Days to Celebrate: A Full Year of Poetry, People, Holidays, History, Fascinating Facts, and More by Lee Bennett Hopkins

We have just finished Thanksgiving here in the United States, where most people celebrate this festivity with family and friends. Next month, is Christmas month.. full of holiday cheer for EVERYONE!  SOME. Christmas is a holiday celebrated all over the world, yet all of those in the United States do not celebrate it. Whether it be religion or culture we need to respect that of our students. In addition, Christmas is celebrated by those for different reasons. Some are celebrating the birth of Jesus; whereas others are celebrating Santa's arrival in town with lots of presents. 

So how does an educator, respect all of these perspectives in December and throughout the year?

In my Social Studies Methods and U.S. History Methods for Teachers classes, I have come to the conclusion that the best way to honor all religions and cultures in the classroom is by learning about them! Whether the religion or celebration is represented in the classroom, I think we have a unique opportunity in the classroom to purposefully draw attention to such celebrations all year long. When a person is educated on a subject, they can draw from the experience when they come in contact with it in their home, school, or community. Rather than think it is odd that their new classmate does not celebrate Christmas or believes that one who celebrates Nights of Radishes is strange; students will understand diversity and the importance of respecting others beliefs and traditions.

I purposefully checked out a few books to assist me in planning these Days to Celebrate throughout the school year. The first one is Days to Celebrate: A Full Year of Poetry, People, Holidays, History, Fascinating Facts, and More by Lee Bennett Hopkins. In this beautifully illustrated, informational book we can find that; 365 (366) Days a Year, every day is a day to celebrate. Providing holidays from a variety of calendars around the world and some fun recognized days along the way that children will enjoy.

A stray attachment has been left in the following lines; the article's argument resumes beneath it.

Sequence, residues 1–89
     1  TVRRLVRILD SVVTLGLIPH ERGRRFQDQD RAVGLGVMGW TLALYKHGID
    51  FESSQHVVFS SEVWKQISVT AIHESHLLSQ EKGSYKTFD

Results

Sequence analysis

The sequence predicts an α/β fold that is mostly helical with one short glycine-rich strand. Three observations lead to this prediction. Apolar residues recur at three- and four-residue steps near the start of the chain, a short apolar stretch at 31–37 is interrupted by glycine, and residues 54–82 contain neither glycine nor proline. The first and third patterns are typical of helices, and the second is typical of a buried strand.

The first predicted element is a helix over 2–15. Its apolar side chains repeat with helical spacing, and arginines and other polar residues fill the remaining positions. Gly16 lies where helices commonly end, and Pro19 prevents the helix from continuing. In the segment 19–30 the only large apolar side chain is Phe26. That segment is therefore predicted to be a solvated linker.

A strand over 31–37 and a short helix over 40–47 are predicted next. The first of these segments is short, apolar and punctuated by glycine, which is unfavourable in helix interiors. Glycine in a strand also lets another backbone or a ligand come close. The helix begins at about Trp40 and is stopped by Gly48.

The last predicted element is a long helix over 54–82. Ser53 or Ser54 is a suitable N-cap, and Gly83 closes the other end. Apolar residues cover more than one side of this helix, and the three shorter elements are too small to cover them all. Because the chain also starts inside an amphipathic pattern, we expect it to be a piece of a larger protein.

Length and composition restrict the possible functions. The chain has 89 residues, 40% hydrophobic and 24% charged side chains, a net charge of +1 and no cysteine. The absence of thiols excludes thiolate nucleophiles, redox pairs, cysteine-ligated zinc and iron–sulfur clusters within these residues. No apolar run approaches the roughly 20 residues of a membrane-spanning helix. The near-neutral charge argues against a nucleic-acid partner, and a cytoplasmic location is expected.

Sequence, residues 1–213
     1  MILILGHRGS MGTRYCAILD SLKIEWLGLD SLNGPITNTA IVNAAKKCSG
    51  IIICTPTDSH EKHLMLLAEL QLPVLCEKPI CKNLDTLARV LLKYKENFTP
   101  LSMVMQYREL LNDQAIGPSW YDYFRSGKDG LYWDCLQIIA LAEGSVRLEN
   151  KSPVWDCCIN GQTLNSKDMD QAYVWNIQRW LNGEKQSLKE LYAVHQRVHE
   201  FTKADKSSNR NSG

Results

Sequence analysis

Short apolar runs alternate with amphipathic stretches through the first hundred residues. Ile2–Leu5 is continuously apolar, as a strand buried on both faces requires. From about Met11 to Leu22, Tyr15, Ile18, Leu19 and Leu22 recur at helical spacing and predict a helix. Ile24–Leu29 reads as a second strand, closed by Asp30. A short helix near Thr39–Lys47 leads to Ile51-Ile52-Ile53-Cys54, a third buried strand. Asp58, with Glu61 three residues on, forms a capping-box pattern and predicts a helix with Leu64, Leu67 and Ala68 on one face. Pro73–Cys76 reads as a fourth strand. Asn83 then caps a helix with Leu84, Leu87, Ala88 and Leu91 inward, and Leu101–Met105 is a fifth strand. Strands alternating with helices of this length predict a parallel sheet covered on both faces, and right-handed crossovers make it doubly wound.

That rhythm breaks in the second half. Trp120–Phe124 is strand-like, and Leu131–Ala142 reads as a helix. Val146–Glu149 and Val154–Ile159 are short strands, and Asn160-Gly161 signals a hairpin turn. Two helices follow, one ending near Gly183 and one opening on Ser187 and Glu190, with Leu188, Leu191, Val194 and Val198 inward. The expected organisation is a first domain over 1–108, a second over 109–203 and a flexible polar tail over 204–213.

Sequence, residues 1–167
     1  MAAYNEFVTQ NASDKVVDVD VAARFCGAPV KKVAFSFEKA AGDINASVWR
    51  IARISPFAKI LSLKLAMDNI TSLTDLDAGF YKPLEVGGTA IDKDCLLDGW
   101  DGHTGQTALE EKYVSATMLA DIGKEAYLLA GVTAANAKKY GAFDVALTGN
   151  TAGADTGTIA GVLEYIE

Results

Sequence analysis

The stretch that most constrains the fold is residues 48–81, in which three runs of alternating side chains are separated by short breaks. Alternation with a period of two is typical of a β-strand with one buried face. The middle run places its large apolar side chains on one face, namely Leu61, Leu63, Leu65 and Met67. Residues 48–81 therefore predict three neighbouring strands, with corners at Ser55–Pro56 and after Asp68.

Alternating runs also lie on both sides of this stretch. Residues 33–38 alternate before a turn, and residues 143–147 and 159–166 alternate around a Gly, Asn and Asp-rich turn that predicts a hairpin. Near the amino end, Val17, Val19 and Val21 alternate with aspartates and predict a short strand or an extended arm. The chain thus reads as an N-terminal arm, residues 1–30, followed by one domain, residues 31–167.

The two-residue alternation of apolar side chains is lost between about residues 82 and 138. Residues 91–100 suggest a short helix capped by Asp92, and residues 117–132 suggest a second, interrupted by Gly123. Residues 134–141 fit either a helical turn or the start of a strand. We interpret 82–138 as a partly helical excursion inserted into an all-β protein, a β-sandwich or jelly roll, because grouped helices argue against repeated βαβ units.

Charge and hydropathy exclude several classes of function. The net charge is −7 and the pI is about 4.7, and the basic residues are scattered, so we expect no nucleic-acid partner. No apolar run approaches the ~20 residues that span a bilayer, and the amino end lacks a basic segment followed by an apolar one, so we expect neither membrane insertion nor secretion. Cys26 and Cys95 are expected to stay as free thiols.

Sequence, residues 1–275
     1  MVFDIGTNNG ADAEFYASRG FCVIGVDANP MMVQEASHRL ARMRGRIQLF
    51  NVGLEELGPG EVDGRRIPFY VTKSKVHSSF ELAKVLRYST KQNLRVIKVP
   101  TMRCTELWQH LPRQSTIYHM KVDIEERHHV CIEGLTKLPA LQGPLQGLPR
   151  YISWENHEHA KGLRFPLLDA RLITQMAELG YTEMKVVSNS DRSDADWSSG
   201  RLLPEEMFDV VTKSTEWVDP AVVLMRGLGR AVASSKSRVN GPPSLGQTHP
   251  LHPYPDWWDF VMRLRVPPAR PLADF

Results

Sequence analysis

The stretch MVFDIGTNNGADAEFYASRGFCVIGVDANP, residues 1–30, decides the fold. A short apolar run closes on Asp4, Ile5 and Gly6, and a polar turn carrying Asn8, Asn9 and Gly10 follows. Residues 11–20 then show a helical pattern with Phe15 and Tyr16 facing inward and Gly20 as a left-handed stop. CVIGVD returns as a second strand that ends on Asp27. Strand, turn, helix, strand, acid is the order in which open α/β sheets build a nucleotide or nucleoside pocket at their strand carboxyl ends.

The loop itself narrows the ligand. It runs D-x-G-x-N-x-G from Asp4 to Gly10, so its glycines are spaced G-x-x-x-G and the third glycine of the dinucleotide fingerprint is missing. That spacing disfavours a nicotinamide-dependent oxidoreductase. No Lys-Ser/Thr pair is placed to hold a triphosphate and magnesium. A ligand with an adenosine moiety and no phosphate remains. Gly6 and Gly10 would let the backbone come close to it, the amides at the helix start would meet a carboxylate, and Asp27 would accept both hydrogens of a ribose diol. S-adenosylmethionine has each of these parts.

Educating our students about different religions, cultures, and celebrations does not have to be a huge unit plan with many lessons and activities. A simple picture book read, a small discussion during your morning meeting, or something that you can integrate into social studies, math, reading, or science lesson. In what ways have you incorporated daily celebrations into your classroom? Please share in the comments below. 
I have a rating system I use for those books I have read and reviewed on my blog, you may check it out here. I have given this book five coffee cups, I love it a latte!

I read this book as a part of my #ReadtheRainbow Reading Challenge, inspired by Donalyn MillerMy goal is to read at least one children's literature book from various genres every weekday and share my thoughts here on my blog. Please feel free to subscribe or connect with me on social media to follow my journey through the books I read. Until next time ...

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Thank you for reading my post. Please comment with any questions, concerns, constructive criticisms, or information you would like to add to this subject. Docendo discimus, by teaching we learn.